How Multi-Member Districts Could Create Better Politicians
In the single-member system, “you’re rural or urban, and your viewpoint is very provincial; very provincial," according to Vic Atiyeh.
[This is an adapted excerpt from a biography of Governor Vic Atiyeh.]
There have been several Oregon Way pieces about changes to voting systems with some mention of multiple-member districts. In one proposed multi-member district system, Oregonians would effectively vote for their top three candidates—the top vote getter would become the state senator for the district, the second and third place candidates would become the two state representatives. I am a big fan of multiple-member districts simply because they tend to change the way elected official view their constituents and the way constituents view their elected officials.
Oregon had multiple-member districts until 1972. This developed because each county got a senator, but with population growth in more densely populated areas, some counties ended up with multiple Senate and House members packed into countywide districts. By the 1970s there were multiple-member districts for Senate or House members or both in Marion, Lane, Washington (which shared one with Yamhill), Clackamas, and Multnomah (which actually had five subdistricts), Douglas, and Jackson. Smaller counties shared a single Senate or House member—for instance Umatilla, Union, and Wallowa were represented by one senator among them.
Many legislators from that era liked the multiple-member system much better than the single-member system we have now.
Vic Atiyeh, then one of Washington County’s senators, represented all the County, from the dairy farmers and loggers on the west side to the dense suburbs of Portland on the east side. As he explained it, “So my constituents, obviously, ran from urban to rural, and I had to be aware of the total concept.” In the single-member system, “you’re rural or urban, and your viewpoint is very provincial; very provincial.”
The future governor felt that the single-member districts encouraged legislators to focus mainly on their geographic districts and not as much on the larger issues facing the regions legislators lived in or the state as a whole. Atiyeh recalled, it “probably is the worst thing that we did.” Among other ills, the provincialism “really also adds to the length and difficulty of a session” because of members’ emphases on their particular constituencies.
I knew that whoever replaced me was going to be very provincial. And I don’t say this out of any other context, but I represented the entire county, I became acquainted with the entire county, which related to the far west rural to the far east highly urbanized. And so I had to know and understand and help and deal with those extremes, extreme things. But whoever replaced me never ran [in] all of Washington County, ran just [in] that district, which is the very urban, so they’re going to represent urban views because that’s their district.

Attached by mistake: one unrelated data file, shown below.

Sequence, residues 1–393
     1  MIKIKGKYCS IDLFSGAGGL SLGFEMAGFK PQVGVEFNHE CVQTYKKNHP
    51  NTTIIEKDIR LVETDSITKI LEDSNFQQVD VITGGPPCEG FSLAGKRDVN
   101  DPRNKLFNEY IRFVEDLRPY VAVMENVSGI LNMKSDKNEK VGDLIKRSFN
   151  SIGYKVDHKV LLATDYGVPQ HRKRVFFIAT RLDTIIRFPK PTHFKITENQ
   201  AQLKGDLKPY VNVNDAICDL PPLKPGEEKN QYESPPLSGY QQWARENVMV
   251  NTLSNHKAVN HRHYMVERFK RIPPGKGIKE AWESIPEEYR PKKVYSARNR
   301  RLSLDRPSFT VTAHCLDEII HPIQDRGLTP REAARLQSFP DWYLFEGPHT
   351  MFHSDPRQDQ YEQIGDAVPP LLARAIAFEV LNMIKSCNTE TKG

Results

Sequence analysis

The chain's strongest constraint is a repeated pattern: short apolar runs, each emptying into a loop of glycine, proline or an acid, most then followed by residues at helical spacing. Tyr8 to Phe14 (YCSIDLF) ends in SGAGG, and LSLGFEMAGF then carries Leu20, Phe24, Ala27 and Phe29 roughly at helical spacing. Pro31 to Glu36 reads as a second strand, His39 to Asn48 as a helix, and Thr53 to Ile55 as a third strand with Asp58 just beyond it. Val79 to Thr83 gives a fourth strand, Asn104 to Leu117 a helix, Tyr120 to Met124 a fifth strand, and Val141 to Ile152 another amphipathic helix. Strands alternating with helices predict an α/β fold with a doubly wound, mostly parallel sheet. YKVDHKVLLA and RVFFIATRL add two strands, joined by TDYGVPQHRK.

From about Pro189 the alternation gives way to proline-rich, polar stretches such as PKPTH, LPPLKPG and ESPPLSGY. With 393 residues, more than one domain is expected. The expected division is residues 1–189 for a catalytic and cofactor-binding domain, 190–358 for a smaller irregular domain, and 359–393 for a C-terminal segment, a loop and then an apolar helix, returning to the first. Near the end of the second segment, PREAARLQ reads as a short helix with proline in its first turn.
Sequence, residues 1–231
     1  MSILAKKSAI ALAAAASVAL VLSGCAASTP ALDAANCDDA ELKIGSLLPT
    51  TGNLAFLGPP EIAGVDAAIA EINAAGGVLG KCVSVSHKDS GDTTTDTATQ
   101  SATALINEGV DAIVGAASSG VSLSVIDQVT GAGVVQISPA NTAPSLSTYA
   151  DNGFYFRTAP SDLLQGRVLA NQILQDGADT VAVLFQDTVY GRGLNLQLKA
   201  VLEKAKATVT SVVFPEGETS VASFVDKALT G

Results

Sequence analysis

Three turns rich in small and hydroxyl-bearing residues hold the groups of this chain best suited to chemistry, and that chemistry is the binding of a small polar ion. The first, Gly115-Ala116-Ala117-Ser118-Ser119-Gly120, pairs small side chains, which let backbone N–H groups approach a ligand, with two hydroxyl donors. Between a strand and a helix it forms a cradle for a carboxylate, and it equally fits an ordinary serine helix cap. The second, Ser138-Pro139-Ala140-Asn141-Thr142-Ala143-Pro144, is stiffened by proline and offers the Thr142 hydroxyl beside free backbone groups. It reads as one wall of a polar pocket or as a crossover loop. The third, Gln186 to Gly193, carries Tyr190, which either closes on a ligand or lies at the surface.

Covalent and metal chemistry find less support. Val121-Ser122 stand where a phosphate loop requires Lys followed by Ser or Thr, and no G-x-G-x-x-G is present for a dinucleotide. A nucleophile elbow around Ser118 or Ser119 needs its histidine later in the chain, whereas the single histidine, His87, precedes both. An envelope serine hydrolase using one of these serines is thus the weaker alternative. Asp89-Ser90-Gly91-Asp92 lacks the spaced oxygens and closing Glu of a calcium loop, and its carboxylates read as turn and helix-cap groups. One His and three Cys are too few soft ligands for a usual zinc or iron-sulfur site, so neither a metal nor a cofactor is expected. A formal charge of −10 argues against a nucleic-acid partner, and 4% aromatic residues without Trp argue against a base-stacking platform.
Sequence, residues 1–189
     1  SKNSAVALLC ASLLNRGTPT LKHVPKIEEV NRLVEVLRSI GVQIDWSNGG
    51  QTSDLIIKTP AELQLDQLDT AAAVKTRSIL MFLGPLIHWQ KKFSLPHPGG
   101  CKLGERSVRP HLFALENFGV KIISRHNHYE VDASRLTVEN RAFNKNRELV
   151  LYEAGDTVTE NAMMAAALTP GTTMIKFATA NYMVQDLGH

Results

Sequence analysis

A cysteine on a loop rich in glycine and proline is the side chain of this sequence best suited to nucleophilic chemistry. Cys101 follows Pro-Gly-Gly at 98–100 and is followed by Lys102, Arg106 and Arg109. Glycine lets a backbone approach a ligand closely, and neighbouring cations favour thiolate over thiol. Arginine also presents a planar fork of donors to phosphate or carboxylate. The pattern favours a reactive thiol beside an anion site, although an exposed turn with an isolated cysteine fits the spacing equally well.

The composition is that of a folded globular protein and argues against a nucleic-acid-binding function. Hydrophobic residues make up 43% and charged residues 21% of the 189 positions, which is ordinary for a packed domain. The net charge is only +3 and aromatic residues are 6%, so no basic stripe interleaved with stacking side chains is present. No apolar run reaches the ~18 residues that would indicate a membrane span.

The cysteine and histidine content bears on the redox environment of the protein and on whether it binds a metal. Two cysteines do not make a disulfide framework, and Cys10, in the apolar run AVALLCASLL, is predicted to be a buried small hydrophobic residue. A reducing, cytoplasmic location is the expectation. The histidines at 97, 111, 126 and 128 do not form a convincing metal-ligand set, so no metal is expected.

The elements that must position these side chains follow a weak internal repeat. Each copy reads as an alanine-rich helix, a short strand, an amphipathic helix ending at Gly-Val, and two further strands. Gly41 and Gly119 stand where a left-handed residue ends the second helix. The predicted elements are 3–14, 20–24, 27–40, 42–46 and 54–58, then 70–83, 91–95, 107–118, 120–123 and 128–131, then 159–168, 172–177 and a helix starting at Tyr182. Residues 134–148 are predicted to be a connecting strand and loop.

Atiyeh’s view was shared by fellow Republican, and 1972-first-year House member, Norma Paulus (Salem). She recalled that the single-member districts allowed “the political forces to target people with more concentrated money, which leads to more special-interest legislation.”
Ted Kulongoski agreed with Atiyeh’s assessment. Kulongoski was first elected to the Legislature in 1975, but worked as a staff member in the Legislature before then. But he felt the 18-year-old vote was just as influential as the change to single-member districts in that 1972 election. A big new group of voters entered the system. In Kulongoski’s assessment, these two influences transferred power from rural areas to urban areas. Vera Katz and Earl Blumenauer from Portland, both elected in 1972, became major players.
This shift in the power structures in the Legislature predated by about fifteen years Oregon’s overall electoral shift to being a Democratic state. But in the Legislature, in Kulongoski’s analysis, the power shifted from business Republicans to liberal Democrats simply because of the type of candidates winning in single-member districts in the Portland area and the sheer number of them.
The old system in which groups of legislators represented an entire county was gone. Roger Martin, who would have been Speaker of the House if the Republicans had held the House in the 1972 election, saw a tremendous change in his constituency. Instead of representing Clackamas County and working to reach 50,000 voters, as he had in 1970, in 1972 he represented the cities of Lake Oswego and Milwaukie, and he had to reach out to an electorate of about 16,000.
For legislators farther away from the dense population centers of the Portland area and cities in the Willamette Valley, the change was not as wrenching. Bill Markham (R-Douglas County) kept the rural parts of the county in his House district, but lost the county seat, Roseburg. Markham was fine with that. He no longer had to jointly represent Douglas County with “Al Flegel [D-Roseburg], liberal son-of-a-bitch. I’d tell him so if he was sitting here, and I’m not kidding.” Markham no longer had to concentrate on the population center of Roseburg, and he could devote himself to his rural constituents in all the rest of Douglas County and further south into parts of Josephine and Jackson Counties.
I would rather that the Bill Markhams of the world had to deal with the more liberal constituency of the major city in his county. And I would rather that the Vic Atiyehs of the world continued to talk to the dairy farmers while pursuing a living as a carpet dealer in downtown Portland. A lot of the splits we see in Salem and the ways people view elective politics would be very different with multiple-member districts.
Longtime observer of Oregon and west coast politics. Political analyst for various media outlets, professor at Pacific University.